Initial high sensitivity troponin I = 40 ng/L (99% upper reference limit for men is 20 ng/L for this assay)

He was given aspirin and nitroglycerin shortly after arrival, and approximately 20 minutes later, his pain completely resolved.

The case and the ECG were discussed with cardiology who basically said "there's no STEMI, so let us know what the troponin is."

After pain resolution, another ECG was recorded:

The patient was admitted for high risk chest pain and further evaluation.

Later that day:

Next day

Again, the benign T-wave inversion morphology shows itself in V4-V6

Repeat troponins:

39 ng/L

40 ng/L

40 ng/L

39 ng/L


Moderate concentric LV hypertrophy

EF 61%

No segmental wall motion abnormalities

No pericardial effusion

The medicine team consulted cardiology, who advised that no further workup was indicated at this time. They referred to a coronary CT angio performed about 1 year ago which showed several coronary arteries with nonobstructive CAD. Somehow this was used as part of the reasoning not to perform further workup.

No definitive cause of chest pain was found. The discharge note described possible musculoskeletal, esophageal, and cocaine-related causes as possibilities.

Learning Points:

Abnormal depolarization usually results in abnormal repolarization, and learning the expected repolarization patterns is critical for improving diagnostic performance in ECG interpretation.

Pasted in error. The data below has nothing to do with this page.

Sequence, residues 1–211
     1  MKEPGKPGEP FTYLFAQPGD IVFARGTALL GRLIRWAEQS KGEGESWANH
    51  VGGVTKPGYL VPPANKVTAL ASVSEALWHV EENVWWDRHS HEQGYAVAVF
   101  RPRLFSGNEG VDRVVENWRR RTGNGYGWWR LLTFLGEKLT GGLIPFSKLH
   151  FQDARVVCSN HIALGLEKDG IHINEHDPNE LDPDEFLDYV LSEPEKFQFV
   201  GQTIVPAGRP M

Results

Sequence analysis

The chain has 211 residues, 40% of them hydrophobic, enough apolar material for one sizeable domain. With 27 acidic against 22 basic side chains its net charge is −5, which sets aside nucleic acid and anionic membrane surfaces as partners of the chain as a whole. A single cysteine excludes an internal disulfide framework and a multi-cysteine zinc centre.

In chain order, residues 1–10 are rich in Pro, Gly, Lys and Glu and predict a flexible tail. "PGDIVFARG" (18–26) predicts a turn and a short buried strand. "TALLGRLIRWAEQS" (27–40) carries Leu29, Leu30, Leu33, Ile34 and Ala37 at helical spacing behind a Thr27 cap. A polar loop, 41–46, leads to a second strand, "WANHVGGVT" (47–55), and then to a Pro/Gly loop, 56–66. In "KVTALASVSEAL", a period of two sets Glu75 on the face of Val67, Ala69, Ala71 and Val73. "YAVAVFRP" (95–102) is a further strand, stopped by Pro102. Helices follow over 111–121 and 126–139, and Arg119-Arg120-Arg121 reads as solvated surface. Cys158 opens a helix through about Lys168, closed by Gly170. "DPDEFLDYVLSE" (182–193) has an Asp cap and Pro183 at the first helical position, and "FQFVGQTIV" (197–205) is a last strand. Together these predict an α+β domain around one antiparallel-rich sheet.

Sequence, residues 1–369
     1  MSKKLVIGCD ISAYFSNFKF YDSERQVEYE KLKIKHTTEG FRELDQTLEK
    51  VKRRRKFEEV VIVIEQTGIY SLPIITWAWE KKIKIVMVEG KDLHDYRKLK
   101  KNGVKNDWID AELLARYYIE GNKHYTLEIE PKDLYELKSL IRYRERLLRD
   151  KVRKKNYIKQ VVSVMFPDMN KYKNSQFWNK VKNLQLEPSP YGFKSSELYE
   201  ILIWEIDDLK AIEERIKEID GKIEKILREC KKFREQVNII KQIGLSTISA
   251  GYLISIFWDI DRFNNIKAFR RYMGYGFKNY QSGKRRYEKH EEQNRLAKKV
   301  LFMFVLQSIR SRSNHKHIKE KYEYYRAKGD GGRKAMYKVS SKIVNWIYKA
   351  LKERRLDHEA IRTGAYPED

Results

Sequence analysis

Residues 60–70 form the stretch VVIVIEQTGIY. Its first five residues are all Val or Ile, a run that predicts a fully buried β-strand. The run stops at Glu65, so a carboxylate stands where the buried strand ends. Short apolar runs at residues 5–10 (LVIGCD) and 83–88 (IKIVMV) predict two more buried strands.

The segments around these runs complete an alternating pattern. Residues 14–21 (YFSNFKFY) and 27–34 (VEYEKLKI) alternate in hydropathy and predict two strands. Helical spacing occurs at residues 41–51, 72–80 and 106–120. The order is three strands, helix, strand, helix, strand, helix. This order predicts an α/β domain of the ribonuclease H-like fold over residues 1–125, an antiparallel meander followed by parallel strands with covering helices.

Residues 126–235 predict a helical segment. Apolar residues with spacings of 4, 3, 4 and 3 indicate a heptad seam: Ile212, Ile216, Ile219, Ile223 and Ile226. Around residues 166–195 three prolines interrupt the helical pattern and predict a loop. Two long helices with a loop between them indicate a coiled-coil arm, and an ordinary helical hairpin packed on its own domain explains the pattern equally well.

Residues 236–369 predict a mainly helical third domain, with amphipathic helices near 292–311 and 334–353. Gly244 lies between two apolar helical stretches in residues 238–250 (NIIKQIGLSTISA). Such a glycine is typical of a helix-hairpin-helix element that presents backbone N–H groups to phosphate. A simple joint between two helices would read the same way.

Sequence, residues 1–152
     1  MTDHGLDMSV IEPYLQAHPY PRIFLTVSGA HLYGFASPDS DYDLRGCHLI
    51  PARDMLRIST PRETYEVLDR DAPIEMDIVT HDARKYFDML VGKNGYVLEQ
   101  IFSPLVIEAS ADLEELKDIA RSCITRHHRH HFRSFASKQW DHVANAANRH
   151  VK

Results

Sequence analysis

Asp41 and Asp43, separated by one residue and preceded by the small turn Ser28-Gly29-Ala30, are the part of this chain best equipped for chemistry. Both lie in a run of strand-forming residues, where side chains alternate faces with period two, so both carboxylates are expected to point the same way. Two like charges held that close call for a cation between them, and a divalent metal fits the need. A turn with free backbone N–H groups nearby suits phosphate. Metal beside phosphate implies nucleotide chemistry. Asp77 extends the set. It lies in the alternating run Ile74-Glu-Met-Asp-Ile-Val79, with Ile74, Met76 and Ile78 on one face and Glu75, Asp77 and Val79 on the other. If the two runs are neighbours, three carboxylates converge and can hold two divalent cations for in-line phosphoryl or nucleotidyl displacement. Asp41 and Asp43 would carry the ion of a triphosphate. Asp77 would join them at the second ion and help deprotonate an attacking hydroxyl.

LVH produces some of the most difficult STEMI and OMI mimics out there.

OMI is not just an ECG diagnosis.

We must focus on learning false positive ECG patterns in parallel with learning the false negative STEMI(-) OMI patterns.

Comment by KEN GRAUER, MD (6/25/2022):
Today's case by Dr. Meyers provides yet another example that illustrates the challenge of distinguishing between acute OMI vs LVH. I am not aware of any "magic formula" that instantly makes this distinction — and therein lies the difficulty!
  • Most of the time (as was true for today's case) — a single ECG will not suffice for telling you if the cath lab needs to be immediately activated. Instead — comparison with prior and/or serial tracings + troponins (and optimally stat Echo) — will be needed for optimal decision-making.

Dr. Meyers' discussion above makes the excellent point that LVH may account for all of the ECG findings in today's initial ECG tracing. While I completely agree with this assessment — I wanted to offer another perspective on how I would have proceeded in today's case.
  • For clarity — I've reproduced the initial ECG in Figure-1.